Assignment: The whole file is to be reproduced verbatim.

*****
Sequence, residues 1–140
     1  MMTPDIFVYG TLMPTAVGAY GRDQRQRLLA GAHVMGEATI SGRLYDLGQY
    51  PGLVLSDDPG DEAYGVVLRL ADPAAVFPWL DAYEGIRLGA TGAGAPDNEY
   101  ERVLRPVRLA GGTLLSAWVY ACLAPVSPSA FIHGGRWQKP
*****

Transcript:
Sequence, residues 1–140
     1  MMTPDIFVYG TLMPTAVGAY GRDQRQRLLA GAHVMGEATI SGRLYDLGQY
    51  PGLVLSDDPG DEAYGVVLRL ADPAAVFPWL DAYEGIRLGA TGAGAPDNEY
   101  ERVLRPVRLA GGTLLSAWVY ACLAPVSPSA FIHGGRWQKP